Moonlighter (Nintendo Switch) Review

By Renan Fontes 26.12.2018

Review for Moonlighter on Nintendo Switch

Rynoka has seen better days. With the closing of its many dungeons, the village's economy has more or less fallen on hard times. That is until Will, Moonlight's resident shopkeeper, decides to take it upon himself to dive deep into the village's mysterious dungeons and sell its many artifacts for profit. In terms of premise, Moonlighter kicks itself off with a simple, but engaging, concept. Will's journey isn't to leave the tedium of commerce to take up adventure. Rather, he seeks to blend both of his passions together. Where other games would keep shop keeping in the background, this balances a perfect blend between dungeon crawling and economic rebuilding.

Although Will's days are scheduled on a proper twelve month calendar, the credits will most likely roll less than halfway through the year. Moonlighter is not a particularly long game, even by its structure, but the yearly premise is more of a piece of flavouring than it is an estimation of one's progression. In truth, months and years hardly matter. Rather, it's the days that count. Will's days are separated into key sections: morning and night. Although he is free to peruse the dungeons at his leisure regardless of time of day, the titular shop can only be opened during the morning. As a result, a natural rhythm is created via gameplay. Mornings are better suited for shop keeping and, nightfall is Will's after work trek into one of Rynoka's four dungeons.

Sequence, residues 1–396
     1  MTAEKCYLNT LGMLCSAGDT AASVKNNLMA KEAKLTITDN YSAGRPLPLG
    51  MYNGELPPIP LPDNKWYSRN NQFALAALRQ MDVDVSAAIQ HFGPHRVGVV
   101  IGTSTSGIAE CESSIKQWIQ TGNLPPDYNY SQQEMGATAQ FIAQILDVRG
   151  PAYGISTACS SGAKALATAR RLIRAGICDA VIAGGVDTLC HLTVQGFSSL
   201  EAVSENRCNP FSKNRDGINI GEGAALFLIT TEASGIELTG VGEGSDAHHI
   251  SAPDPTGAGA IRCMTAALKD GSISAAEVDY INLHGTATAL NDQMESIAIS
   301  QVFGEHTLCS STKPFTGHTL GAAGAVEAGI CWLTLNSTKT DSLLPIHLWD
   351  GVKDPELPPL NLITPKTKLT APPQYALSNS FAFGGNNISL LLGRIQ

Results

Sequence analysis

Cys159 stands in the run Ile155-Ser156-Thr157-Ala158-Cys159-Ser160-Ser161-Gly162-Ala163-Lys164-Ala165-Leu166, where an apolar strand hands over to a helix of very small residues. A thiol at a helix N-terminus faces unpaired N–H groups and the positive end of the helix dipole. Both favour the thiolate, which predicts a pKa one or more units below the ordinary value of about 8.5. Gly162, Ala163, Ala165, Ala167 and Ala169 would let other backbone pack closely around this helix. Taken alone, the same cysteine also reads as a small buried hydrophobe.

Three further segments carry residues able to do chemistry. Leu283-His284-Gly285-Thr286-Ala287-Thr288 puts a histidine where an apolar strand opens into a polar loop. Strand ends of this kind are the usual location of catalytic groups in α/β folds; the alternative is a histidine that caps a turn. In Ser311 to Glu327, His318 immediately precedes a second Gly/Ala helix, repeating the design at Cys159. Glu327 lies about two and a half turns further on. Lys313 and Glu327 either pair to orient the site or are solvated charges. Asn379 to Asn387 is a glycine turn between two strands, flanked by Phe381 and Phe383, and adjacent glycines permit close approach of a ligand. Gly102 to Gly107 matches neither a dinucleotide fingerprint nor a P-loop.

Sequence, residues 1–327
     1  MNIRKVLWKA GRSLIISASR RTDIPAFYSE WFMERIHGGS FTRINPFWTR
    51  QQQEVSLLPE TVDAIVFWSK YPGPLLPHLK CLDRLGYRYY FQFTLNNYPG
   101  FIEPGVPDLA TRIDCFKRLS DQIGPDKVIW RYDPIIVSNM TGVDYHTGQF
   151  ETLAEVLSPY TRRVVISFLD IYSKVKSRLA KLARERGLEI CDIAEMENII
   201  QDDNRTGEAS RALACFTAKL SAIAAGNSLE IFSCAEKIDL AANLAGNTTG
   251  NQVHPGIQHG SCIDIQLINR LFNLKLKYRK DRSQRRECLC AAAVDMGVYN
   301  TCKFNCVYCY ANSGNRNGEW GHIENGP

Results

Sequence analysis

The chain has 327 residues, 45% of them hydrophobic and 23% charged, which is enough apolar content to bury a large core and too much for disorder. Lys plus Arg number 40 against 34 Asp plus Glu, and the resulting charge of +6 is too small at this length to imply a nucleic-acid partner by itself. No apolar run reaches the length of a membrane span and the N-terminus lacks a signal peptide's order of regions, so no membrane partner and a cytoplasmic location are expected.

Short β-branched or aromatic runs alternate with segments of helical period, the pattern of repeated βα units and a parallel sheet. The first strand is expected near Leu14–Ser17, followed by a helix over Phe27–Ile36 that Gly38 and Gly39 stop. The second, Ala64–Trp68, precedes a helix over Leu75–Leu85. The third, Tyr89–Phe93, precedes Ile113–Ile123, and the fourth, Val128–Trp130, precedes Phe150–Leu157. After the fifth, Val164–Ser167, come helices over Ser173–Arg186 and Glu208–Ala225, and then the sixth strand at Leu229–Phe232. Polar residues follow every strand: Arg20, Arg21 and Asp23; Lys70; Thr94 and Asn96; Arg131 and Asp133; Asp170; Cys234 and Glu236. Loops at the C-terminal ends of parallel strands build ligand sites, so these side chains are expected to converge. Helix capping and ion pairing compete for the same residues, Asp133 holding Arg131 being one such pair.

While the structure itself is fine as is, what elevates the morning/night dichotomy is the synergy between the two halves of Will's days. Money earned during the morning can be used to buy new armour and weapons, while items found during the night can then be sold at the shop during the morning. Morning and night aren't simply two distinct halves of the core gameplay loop, but they actually influence one another. Considering the nature of dungeon crawling, most of the game's play time will be spent mowing down enemies in an attempt to find valuables.

Combat itself is divided into five key play styles: sword & shield, spear, big sword, gloves, and bow & arrow. With the exception of the bow, each weapon has access to a three hit combo along with a special attack for all five weapon types. For instance, pressing 'B' with the sword and shield equipped allows one to block incoming attacks, whereas 'B' creates a tracking shot with the bow. Attacking with Will requires a surprising amount of time to pull off adequately, though. While the difficulty is seldom overwhelmingly challenging, the inability to spam the 'A' button necessitates a more careful approach to action.

Screenshot for Moonlighter on Nintendo Switch

After all, the protagonist is primarily a merchant, not a warrior. It is only natural he need to stagger his own attacks. At the same time, a slower approach to combat creates a certain flow in battle where enemies demand a deeper level of attention, as one poorly timed attack can result in Will taking damage. As armour does not naturally come with a defence stat, and must instead be enchanted in town, getting hit with freshly crafted gear can quickly lead to your death. Thankfully, Will has a dodge roll that he can trigger to get out of tight situations, emphasizing movement in combat. Although most enemies can be defeated without too much focus, boss fights do require a basic of the core mechanics.